Following the lifting of COVID-19 regulations on businesses for most counties in Tennessee at the end of September, local leaders are incrementally loosening local restrictions.
In the latest directive from the Shelby County Health Department, effective Wednesday, restaurants and bars can now stay open until midnight. Fans at both indoor and outdoor sporting events now need only separate by six feet, down from initial distances of 18 and 12 feet.
Following Tuesday’s announcement, the University of Memphis almost immediately issued a statement welcoming the move. Attendance capacity for the Tigers' upcoming home football game on October 17 at Liberty Bowl Stadium will increase from 4,500 to 12,000 people as a result of the change.
“This increase was only possible because Tiger fans did a great job of complying with the safety protocols at the last home game,” said Laird Veatch, the university's athletic director. “We know everyone will be a team player and keep Tiger nation safe and COVID free.”
The health department has been shedding business restrictions in recent weeks. Bars were allowed to reopen Sept. 23 after months of closure. At the same time, health officials did away with capacity restrictions. Instead, establishments now only have to ensure that they admit no more people than six-feet social distancing allows for.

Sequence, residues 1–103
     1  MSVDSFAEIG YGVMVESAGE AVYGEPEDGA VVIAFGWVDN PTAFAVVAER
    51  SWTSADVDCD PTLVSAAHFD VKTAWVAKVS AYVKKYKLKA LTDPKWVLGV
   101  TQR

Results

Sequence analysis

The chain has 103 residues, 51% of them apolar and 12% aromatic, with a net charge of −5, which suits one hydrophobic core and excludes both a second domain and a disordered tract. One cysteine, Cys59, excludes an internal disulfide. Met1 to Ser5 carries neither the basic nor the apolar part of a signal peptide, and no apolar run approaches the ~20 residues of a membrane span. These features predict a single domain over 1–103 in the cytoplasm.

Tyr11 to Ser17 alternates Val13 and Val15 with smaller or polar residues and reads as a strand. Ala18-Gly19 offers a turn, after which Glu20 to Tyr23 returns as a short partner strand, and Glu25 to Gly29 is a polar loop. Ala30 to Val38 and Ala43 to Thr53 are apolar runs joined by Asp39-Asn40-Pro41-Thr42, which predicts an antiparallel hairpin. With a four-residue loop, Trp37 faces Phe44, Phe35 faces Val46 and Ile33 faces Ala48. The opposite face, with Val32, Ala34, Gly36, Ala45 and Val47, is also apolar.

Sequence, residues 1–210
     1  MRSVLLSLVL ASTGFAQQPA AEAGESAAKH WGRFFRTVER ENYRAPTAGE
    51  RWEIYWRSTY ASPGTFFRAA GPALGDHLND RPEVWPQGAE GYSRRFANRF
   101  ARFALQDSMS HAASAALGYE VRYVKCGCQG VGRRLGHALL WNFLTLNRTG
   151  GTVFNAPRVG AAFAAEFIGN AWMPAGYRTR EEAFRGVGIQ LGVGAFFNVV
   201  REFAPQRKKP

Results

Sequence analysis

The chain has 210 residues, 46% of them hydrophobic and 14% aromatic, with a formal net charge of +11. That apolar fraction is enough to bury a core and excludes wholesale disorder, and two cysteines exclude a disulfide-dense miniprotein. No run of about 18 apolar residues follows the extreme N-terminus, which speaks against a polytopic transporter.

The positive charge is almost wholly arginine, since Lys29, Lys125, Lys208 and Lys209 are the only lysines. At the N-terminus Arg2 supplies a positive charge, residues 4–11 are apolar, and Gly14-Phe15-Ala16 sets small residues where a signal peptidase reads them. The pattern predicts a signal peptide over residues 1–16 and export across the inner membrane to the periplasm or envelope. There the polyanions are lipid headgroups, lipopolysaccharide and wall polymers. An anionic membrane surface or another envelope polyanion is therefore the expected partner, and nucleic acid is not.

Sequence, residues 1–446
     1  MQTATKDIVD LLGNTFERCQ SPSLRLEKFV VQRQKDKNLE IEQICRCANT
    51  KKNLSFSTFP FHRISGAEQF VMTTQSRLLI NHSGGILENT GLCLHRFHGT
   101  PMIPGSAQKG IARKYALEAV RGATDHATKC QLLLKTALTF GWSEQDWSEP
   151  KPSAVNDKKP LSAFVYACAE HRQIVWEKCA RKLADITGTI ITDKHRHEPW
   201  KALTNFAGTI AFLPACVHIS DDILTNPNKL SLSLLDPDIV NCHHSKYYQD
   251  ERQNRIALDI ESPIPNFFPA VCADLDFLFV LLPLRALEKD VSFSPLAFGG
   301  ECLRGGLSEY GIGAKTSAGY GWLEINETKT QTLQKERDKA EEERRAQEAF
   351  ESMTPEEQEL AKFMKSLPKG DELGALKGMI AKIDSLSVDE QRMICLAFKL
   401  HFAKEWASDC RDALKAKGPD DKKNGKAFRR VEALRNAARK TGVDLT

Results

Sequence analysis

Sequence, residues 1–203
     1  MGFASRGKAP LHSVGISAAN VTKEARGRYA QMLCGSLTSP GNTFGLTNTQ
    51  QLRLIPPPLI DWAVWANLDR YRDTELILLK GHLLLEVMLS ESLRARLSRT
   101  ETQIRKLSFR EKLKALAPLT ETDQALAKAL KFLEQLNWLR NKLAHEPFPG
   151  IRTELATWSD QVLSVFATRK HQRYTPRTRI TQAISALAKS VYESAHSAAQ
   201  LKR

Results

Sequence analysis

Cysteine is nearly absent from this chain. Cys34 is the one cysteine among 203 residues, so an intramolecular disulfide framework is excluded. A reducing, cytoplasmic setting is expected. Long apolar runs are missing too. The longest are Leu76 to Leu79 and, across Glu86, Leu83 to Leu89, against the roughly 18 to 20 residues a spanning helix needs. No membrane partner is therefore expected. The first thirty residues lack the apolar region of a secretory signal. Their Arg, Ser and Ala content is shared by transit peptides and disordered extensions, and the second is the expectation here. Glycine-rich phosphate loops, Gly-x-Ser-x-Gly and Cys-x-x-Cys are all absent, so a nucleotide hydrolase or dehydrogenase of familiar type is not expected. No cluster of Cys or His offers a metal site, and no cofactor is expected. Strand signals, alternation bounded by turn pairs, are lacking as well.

Per the most recent changes, parties of eight are allowed to sit together at restaurants or at other events, up from the previous six-person limit. But other restrictions will remain, including only allowing bars or restaurants to serve alcohol at tables and limiting service to two hours.
“We’re not going to be back to normal for some time. There will always be restrictions in place until, one, we have a vaccine, and [two] we have significant numbers of people who are vaccinated,” said Health Department Director Dr. Alisa Haushalter on Tuesday. “So anticipate there will be ongoing restrictions, including the need to wear masks, social distance, limit travel and so on.”
The health department has continued to cite stable hospital and testing capacity as well as a downward trend in COVID infections as justification for loosening restrictions. On Tuesday, officials reported 258 new cases—a marked increase over the daily average for the past seven days. But Haushalter said the spike reflected tests from multiple days being reported at once.
She said more permissive rules for businesses will also come with increased enforcement.
In the event a business is closed for non-compliance, the health department can take two weeks to allow for reopening, she said. The department can also consider revoking an establishment’s liquor license for breaking rules.
“We’ll just go out and randomly look at businesses,” she said, explaining the department’s surveillance strategy for enforcement. “We also will respond to complaints that come in.”
Haushalter encouraged the public to report business violations by calling 901-222-MASK or emailing email@example.com.